HARRISBURG - Taking a significant step to deal with what he has called a statewide crisis, Gov. Wolf said Thursday that he would call a special session of the legislature this year to address the prescription opioid epidemic.
The session will convene "by the end of the summer, if not early fall," said House Speaker Mike Turzai (R., Allegheny), and will focus on finding solutions to an issue rippling across nearly every community.
The announcement came as lawmakers from both parties and the governor gathered in the Capitol rotunda to renew attention on a problem that has grown dramatically in recent years.
Almost two-thirds of the 47,000 overdose deaths nationwide in 2014 were opioid-related, according to the Centers for Disease Control and Prevention. That year, Pennsylvania recorded about 1,600 overdose deaths from opioid medications and 800 from heroin, the state Coroners Association reported.
Wolf has traveled around the state during the last year for roundtable discussions with experts and others on how to prevent or reduce opioid abuse.
"Our fellow citizens are looking to us for action," he said Thursday, calling such addiction "a Pennsylvania problem."
Other states have made opioids a front-burner health issue. Gov. Pete Shumlin of Vermont devoted his entire 2014 State of the State address to opioids. Gov. Christie has spoken passionately about them.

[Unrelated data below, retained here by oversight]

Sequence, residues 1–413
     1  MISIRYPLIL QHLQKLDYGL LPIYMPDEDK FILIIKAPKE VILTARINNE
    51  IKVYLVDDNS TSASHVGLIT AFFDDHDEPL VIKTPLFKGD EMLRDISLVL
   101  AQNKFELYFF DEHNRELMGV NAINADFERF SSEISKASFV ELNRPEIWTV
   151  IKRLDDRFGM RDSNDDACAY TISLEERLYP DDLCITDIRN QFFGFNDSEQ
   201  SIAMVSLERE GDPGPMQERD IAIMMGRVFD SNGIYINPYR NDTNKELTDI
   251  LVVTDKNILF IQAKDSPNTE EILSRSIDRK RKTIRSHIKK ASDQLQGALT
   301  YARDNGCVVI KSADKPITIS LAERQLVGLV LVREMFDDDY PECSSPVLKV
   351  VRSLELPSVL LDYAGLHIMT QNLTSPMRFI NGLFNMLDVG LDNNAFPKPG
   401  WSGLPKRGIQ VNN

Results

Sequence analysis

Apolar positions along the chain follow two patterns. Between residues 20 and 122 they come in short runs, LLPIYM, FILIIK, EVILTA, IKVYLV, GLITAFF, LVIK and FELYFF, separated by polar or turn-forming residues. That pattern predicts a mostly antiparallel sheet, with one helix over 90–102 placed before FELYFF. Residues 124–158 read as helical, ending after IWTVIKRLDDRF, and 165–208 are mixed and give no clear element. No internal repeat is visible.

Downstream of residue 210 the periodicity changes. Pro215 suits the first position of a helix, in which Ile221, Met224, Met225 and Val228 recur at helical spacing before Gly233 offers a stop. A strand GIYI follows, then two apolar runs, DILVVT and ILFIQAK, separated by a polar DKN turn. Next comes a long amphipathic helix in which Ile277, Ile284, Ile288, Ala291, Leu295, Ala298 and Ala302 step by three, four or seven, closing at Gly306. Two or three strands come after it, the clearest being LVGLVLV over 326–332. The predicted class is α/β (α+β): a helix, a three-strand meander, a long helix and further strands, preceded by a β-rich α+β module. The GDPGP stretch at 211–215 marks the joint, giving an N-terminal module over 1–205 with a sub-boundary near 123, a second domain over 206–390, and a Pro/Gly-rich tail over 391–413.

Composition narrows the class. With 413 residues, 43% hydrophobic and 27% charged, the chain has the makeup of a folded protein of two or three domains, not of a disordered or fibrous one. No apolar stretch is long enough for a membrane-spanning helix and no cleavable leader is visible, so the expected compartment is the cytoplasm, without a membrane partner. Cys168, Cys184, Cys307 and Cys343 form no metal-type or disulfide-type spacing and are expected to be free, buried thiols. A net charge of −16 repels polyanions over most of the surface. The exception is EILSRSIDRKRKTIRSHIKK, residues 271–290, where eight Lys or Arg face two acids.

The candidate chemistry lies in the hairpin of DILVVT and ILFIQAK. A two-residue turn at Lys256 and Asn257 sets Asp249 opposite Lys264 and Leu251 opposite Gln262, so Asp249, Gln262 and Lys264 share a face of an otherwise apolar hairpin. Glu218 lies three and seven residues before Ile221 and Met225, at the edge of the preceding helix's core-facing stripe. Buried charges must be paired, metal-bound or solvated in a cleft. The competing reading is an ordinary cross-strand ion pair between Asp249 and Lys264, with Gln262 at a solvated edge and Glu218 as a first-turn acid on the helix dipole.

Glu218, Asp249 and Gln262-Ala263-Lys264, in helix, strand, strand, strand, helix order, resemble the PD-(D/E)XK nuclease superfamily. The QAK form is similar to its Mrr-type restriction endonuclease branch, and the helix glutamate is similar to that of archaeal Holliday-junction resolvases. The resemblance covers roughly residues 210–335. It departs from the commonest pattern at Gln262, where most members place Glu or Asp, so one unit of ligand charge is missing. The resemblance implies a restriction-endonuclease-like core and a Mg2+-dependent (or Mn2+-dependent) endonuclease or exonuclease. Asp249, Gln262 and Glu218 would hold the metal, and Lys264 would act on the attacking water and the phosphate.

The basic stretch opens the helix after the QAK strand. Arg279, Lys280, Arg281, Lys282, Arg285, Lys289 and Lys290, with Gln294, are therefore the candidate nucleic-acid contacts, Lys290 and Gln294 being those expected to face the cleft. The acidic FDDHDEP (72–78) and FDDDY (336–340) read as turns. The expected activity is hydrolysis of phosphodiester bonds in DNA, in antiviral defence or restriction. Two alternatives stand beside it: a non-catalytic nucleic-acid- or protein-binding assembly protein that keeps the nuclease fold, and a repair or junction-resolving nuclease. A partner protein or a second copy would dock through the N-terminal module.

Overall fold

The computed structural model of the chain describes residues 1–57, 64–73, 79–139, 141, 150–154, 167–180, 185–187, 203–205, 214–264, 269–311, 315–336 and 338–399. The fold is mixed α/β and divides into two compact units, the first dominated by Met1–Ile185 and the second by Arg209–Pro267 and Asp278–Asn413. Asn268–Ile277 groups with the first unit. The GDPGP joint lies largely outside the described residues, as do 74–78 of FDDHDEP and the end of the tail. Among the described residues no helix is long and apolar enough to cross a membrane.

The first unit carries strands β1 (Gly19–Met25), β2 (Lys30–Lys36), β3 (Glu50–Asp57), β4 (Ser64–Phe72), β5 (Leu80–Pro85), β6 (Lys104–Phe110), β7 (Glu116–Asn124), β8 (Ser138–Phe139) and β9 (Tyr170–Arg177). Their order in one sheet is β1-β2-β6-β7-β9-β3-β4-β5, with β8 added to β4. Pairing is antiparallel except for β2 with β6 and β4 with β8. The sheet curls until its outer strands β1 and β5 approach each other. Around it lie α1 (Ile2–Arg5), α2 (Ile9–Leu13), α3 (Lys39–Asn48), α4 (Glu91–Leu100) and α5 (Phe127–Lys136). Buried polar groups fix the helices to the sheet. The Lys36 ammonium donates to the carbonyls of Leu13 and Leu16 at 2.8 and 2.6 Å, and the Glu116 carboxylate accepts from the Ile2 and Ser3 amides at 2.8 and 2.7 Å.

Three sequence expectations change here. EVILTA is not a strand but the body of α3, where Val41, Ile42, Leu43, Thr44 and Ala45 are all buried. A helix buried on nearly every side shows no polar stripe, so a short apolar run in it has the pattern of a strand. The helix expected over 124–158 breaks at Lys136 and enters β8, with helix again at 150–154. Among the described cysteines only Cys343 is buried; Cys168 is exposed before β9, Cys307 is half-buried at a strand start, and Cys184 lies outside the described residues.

In Pennsylvania, special legislative sessions have historically been reserved for the most important issues facing the state. Only four times since 2000 have lawmakers convened to brainstorm on a critical issue.
G. Terry Madonna, a professor of public affairs at Franklin at Marshall College and a longtime Capitol observer, said such sessions have a "checkered history" of efficacy.
"Many have not produced much in the way of meaningful legislation," he said.
Still, Madonna said he would be surprised if this session did not produce results, given the attention to the epidemic.
At their news conference, legislators noted that there has been some progress. A legislative task force was formed two years ago to focus on opioid abuse and deadly overdoses. And on Thursday, the House passed three bills that in part grew out of that task force's recommendations.
One sets a seven-day limit, with exceptions, on the prescription of opioids in emergency rooms. Another would require health insurers to cover "abuse-deterrent" opioid medication. The third would require doctors and other health providers to further their education in opioid effects before prescribing the drugs to patients.
The House has also passed a bill setting guidelines for the proper disposal of unused prescriptions. All now move to the Senate for consideration.
The topic could get direct action from the legislature before then. Among other measures, Wolf is pushing for an additional $34 million in next year's budget to treat more than 11,000 residents who currently are receiving no treatment.
The budget deadline is July 1.